BNP AM

The official blog of BNP Paribas Asset Management

Zhikai Chen
3 AUTHORS · Markets
28/07/2021 · 4 min read

China regulation: From tech to education

China has imposed stricter regulations on the education sector, extending the regulatory reach that had focused on e-commerce and internet companies as the authorities seek to prevent market abuse and improve oversight. The move caused education stocks to plunge and hit broader investor sentiment towards Chinese stocks (including large-cap internet companies).  

The action bans after-school tutoring during weekends and holidays and reclassifies academic tutoring as ‘non-profit’. Companies will no longer be allowed to raise capital or accept foreign investment.

The move could spell the end of the sector. In our view, however, these measures are unlikely to work. Demand will likely encourage informal one-to-one classes, boost costs and lower quality. 

Out to regulate, not destroy

More intense regulatory scrutiny is one of the reasons for the reversal, not only in education, but also in tech-related market capitalisations. On the upside, tighter rules on anti-trust, fintech and capital markets, data security and social equality should help contain systemic risk and prevent a disorderly expansion of capital.

Importantly, tech-related regulatory tightening is a global phenomenon. For example, in the US, leading social network and e-commerce platform companies face regulatory scrutiny as well.

Tech figures at both the macroeconomic and equity market levels. 

  • China’s digital economy accounts for about 40% of the country’s GDP (see exhibit 1).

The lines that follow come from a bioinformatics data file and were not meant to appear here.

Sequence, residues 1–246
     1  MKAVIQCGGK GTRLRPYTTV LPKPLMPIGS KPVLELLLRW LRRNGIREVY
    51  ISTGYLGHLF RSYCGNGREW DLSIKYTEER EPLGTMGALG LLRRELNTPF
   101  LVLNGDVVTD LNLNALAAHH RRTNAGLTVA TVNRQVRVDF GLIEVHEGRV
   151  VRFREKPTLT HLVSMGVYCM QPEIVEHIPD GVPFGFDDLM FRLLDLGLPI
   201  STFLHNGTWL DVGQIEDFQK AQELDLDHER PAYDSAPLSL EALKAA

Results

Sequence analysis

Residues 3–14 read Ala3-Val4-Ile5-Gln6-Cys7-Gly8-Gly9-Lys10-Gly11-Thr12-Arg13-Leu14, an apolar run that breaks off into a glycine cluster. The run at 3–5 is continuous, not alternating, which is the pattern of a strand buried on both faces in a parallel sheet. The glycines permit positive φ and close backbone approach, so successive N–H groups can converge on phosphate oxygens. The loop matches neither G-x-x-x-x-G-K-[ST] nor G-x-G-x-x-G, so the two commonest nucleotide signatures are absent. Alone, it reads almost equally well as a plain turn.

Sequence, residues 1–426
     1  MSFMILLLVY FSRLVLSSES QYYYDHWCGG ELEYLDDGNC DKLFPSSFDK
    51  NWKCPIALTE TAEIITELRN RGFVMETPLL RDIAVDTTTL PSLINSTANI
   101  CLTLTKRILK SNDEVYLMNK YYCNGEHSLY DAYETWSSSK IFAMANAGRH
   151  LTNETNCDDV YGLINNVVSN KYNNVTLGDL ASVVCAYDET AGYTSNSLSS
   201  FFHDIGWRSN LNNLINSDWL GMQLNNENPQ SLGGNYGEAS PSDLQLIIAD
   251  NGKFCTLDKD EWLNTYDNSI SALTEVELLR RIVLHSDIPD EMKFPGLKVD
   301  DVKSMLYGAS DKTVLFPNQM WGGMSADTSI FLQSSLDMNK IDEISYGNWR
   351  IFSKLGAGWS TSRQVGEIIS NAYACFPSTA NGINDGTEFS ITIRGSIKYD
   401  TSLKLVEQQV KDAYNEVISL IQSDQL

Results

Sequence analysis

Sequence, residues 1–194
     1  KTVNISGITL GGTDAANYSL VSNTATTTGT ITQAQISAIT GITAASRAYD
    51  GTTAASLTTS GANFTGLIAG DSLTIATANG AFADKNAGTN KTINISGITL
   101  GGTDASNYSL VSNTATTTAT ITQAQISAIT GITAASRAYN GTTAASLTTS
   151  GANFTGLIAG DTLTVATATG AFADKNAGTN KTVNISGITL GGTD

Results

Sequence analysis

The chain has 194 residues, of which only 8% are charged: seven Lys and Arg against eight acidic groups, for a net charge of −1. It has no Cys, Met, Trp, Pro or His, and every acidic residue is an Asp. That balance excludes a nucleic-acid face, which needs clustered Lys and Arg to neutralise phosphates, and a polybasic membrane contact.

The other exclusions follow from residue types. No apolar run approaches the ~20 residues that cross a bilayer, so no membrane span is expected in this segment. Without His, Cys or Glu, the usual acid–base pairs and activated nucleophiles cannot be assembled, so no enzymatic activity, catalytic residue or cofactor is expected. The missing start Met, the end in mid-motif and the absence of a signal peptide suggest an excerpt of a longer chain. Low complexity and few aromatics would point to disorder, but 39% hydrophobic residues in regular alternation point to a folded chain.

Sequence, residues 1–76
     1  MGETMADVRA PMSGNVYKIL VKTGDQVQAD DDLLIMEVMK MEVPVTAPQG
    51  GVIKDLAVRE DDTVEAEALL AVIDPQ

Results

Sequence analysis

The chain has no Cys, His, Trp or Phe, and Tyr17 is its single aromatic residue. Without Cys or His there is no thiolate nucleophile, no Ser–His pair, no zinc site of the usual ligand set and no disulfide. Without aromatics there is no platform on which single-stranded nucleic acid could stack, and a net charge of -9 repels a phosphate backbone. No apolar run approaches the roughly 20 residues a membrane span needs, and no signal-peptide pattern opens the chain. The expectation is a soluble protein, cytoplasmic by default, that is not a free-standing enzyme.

• Its tech/internet sector represents about 40% of the weight of the MSCI China index.  

As for policy, the government’s long-term objectives focus on technology, consumption and efficiency. Accordingly, we must conclude that Beijing does not intend to destroy these sectors since innovative companies will continue to be the growth drivers.

What is next?

Large internet companies could come under further scrutiny. The launch of the digital renminbi (e-CNY) may undermine leading e-payment players.

Tighter regulation of the property sectors will likely stay in place. High debt levels and increasingly expensive housing as well as the ever-rising cost of raising children could cause social unrest.

We believe that sectors closely related to gig workers (e.g. express delivery, food delivery, solo car and truck drivers) as well as companies that provide basic social infrastructure (e.g. healthcare internet platforms, consumable medical devices / equipment) are at risk.

What does it mean for investors?

Recent regulatory action has put the equity market on high alert and the latest news on the education sector could be seen as the last straw. Therecent correction could be an opportunity to take new positions and top up investments in high-conviction companies.

After the recent stricter regulations, we believe the leaders across many sectors could benefit in this transition as it will become harder for competitors to enter. Overall, we remain focused on three long-term structural trends in China. 

  1. Technology & innovation: China’s economic transformation and tech advancement is supported by the size of the domestic market, higher research and development spending and a vast talent pool. The tech boom is also helping traditional industrial and manufacturing sectors. We see opportunities in the fields of capital goods, tech and industrial upgrading.
  2. Consumption: We see significant opportunities for leading companies in sectors such as insurance. This is thanks to rising household income, low household debt and more diversified consumer profiles. This will likely only accelerate in the next five to 10 years.